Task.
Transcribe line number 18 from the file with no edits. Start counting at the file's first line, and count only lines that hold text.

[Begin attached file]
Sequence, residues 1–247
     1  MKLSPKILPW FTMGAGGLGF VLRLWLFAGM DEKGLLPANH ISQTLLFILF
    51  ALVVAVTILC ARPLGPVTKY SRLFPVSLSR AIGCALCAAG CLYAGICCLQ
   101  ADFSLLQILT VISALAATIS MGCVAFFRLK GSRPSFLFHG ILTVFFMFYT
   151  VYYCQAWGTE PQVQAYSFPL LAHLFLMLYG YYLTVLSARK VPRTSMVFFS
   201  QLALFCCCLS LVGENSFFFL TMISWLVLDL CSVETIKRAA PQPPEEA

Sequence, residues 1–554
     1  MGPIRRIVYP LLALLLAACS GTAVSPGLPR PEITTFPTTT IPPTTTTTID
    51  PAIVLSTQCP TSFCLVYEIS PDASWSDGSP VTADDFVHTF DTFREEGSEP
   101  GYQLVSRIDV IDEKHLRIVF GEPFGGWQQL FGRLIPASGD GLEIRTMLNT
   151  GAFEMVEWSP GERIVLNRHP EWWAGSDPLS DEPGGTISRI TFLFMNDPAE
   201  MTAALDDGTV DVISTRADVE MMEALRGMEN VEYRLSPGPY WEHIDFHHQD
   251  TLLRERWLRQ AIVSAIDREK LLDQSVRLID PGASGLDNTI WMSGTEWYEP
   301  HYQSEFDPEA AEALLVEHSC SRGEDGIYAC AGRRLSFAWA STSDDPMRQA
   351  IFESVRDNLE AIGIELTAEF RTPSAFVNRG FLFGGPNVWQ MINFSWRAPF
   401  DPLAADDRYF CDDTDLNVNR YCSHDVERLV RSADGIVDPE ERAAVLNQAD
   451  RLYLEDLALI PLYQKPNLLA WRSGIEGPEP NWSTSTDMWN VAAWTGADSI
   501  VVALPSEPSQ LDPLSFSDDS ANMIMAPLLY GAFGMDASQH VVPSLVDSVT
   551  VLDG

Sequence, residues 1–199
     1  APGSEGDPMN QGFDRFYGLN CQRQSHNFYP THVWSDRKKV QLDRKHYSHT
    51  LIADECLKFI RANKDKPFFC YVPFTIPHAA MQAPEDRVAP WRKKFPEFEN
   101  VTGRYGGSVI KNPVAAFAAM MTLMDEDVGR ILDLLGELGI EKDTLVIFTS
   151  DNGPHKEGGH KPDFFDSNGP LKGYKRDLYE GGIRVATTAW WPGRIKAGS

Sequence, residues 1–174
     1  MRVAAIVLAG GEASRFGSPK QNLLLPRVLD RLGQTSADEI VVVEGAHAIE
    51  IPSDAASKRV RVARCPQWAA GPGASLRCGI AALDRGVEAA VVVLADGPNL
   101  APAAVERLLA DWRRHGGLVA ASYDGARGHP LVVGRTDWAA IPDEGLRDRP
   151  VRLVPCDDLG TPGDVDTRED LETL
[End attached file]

   501  VVALPSEPSQ LDPLSFSDDS ANMIMAPLLY GAFGMDASQH VVPSLVDSVT